1. Hazard Analysis: Eine Analyse der Gefahren bei der Herstellung, Verabeitung, Lagerung, dem Einkauf von Zutaten und Transport, die zu Lebensmittelvergiftungen führen können
  2. Preventive Controls: Eine Liste und Zusammenfassung aller Präventivmassnahmen, um die analysierten Gefahren zu verhinden.
  3. Risk-based Supply Chain Program: Ein Plan zur Überwachung und Gefahrenvermeidung Ihrer Lieferkette – ein Schritt zurück, ein Schritt vorwärts
  4. Recall Plan: Ein Plan für den Fall einer Rückrufaktion. Die Anzahl von freiwilligen oder angeordneten Rückrufaktionen von Lebensmitteln hat sich seit FSMA mehr als verdreifacht.
  5. Monitoring the Implementation of Preventive Controls: Eine Beschreibung der Massnahmen zur Präventivkontrolle
  6. Verification of the effectiveness of preventive controls: Eine Beschreibung der Verfahrensweise zur Überwachung der Wriksamkeit von Präventivkontrollen und deren eventuellen Anpassungen

Je größer der Betrieb und je mehr Umsatz in den USA gemacht wird, desto eher wird empfohlen, diesen Food Safety Plan in englischer Sprache zu erstellen.

Wie unterscheidet sich der FSMA Food Safety Plan von Überprüfungen großer Handelsketten, also den Audit Standards der  Global Food Safety Initiative (GFSI), zum Beispiel IFS, BRC, FSSC 22000, oder SQF ?

Der FSMA Food Safety Plan muss von einem/r designierten Experten/in für Qualität und Lebensmittelsicherheit (qualified individual) erstellt werden. Mit großer Wahrscheinlichkeit sind fast alle Informationen von den Berichten der Prüfungsfirmen für die genannten  GFSI Standards enthalten. Es ist aber ratsam, dass sich die Betriebsexperten mit den Prüfungsfirmen oder den MItarbeitern der GFSI Standards auseinandersetzen und herausfinden, welche der auditierten Punkte den FSMA Vorgaben entsprechen.

Food_Processing_iStock_000018272872smHazard Analysis: Welche Gefahrenquellen müssen identifiziert werden ?

  1. Biologische – speziell mikrobiologische Gefahren, wie Parasiten, Bakterien, Viren und andere Pathogene aus der Umwelt
  2. Chemische – Nukleare Verseuchung, Pestizide, Arzeneimittelrückstände, natürliche Giftstoffe (wie Mycotoxine), Verwesung, nicht genehmigte Farbstoffe oder Zusatzmittel, nicht deklarierte Allergene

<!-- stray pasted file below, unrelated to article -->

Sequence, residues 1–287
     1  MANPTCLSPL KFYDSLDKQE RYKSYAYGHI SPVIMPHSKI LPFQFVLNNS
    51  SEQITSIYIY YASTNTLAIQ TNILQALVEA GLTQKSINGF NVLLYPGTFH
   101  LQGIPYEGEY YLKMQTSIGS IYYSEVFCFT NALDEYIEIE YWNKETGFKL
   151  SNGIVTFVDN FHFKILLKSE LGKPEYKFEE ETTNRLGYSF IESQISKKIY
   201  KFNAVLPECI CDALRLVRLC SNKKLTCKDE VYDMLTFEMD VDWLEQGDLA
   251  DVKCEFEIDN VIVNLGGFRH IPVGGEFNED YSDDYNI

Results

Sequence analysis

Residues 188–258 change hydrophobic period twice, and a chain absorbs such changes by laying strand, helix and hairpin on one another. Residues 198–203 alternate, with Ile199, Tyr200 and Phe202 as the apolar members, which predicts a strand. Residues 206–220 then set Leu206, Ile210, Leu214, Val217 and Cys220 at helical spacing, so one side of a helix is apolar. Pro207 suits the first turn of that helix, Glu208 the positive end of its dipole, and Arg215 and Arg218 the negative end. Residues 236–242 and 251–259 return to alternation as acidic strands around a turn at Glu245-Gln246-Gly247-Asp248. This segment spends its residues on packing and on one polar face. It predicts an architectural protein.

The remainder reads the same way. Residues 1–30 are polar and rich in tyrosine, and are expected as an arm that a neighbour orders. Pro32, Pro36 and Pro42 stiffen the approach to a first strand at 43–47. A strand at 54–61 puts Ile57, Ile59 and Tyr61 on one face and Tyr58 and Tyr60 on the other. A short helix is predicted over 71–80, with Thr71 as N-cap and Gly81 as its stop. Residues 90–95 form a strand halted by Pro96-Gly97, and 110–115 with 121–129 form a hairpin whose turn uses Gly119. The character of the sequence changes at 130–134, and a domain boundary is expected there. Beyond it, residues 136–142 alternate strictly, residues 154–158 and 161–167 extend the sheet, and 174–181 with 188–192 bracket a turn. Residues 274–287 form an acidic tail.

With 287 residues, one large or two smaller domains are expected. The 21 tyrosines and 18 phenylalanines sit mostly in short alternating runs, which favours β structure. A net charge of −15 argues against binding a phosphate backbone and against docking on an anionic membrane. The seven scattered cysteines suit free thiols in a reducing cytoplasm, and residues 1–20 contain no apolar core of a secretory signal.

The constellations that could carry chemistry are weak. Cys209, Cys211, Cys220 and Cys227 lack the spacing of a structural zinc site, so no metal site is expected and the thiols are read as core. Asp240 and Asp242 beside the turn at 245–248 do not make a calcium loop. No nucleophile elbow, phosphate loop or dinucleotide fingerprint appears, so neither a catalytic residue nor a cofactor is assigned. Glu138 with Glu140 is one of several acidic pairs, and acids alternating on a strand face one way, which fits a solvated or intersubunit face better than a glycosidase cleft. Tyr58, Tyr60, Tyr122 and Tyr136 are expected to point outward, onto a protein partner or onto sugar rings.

3. Physische – Steine, Glas, Metallfragmente

Hazard Analysis – Bei welchen Aktivitäten müssen Gefahrenquellen analysiert und bewertet  werden?

Hier sind ein paar Beispiele:

  1. Lebensmittelzutaten – Säure oder Zusatzstoffe, die den Wachstum von Mikroorganismen verhindert oder diese abtöten. Manche dieser Zutaten können Allergien erzeugen
  2. Zustand, Funktion und Design des Betriebs oder der Maschinen – Lose Teile, die schlecht gereinigt werden, können Pathogene beherbergen. Machinen mit Metallteilen können Metallsplitter erzeugen
  3. Reinigung, Hygiene – Chemikalien während der Reinigung können in Lebensmittel greaten. Ungewaschene Hände von ungeschulten Mitarbeitern können zu Vergiftungen führen
  4. Zutaten – kontaminierte Zutaten, die nicht gescheckt wurden, können das fertige Lebensmittel vergiften
  5. Transportwege – Ungenügende Temperaturkontrollen während des Transports von Lebensmitteln können diese vor derm Verkauf verderben oder schädliche Krankheitserreger hervorbringen.
  6. Herstellungsprozess – Ungenügende Kühlung, Erhitzung oder Lagerung kann Krankheitserreger oder Giftstoffe hervorbringen.
  7. Verpackung und Etikettierung – Glasverpackung kann splittern. Fehler bei der Gestaltung, dem Druck und dem Anbringen von Etiketten können dazu führen, das Allergeninformationen für Verbraucher nicht verfügbar oder lesbar sind
  8. Lagerung und Distribution – Ungenügende Kühlung bei heissen Temperaturen oder während des Transports
  9. Vorhersehbare Benutzung des Produkts – Manche Lebensmittel, die gekocht werden sollten, werden auch manchmal roh gegessen. Hinweise müssen auf den Verpackungen erscheinen, die vor einem vorhersehbaren, unsachgemässen Verzehr des Produkts warnen
  10. Umweltverschmutzung – in bestimmten klimatischen Zonen können Krankheitserreger aus der Luft bestimmte Lebensmittel, die gleich verzehrt werden, kontamiieren.

Tomato_Inspected_iStock_000006170909MediumPreventive Controls: Was muss im FSMA Food Safety Plan enthalten sein?

  • Kontrollen an kritischen Kontrollpunkten (CCP – Critical Control Points)
  • Kontrollen ausserhalb der CCPs, an Punkten, die eenfalls kritisch für die Lebensmittelsicherheit sein können

Darunter fallen:

  1. Parameter und Kontrollen bei Kochprozessen, wie zum Beispiel Erhitzung, Säurung, Radiologische Behandlung, Kühlung
  2. Allergenkontrolle, Vermeidung von Cross-Kontamination, Kontrolle der Etiketten
  3. Kontrolle der sanitären Massnahmen
  4. Kontrolle der Lieferkette (supply chain program)
    • Auswahl von Lieferanten, die den FSMA Verordungen entsprechen
    • Regelmässige/jährliche Kontrolle der Sicherheit von Lieferantenprodukten
    • Möglicherweise direkte Audits der Betriebe von Lieferanten
    • Labortests und Bemusterung
    • Überprüfung der Sicherjeitsprotokolle von Lieferanten
  5. Kontrolle bei Rückrufaktionen:
    • Benachrichtigung der direkten Kunden,
    • Benachrichtigung der Öffentlichkeit,
    • Kontrolle der Wirksamkeit des Rückrufs,
    • Kontrolle der Vernichtung der rückgerufenen Lebensmittel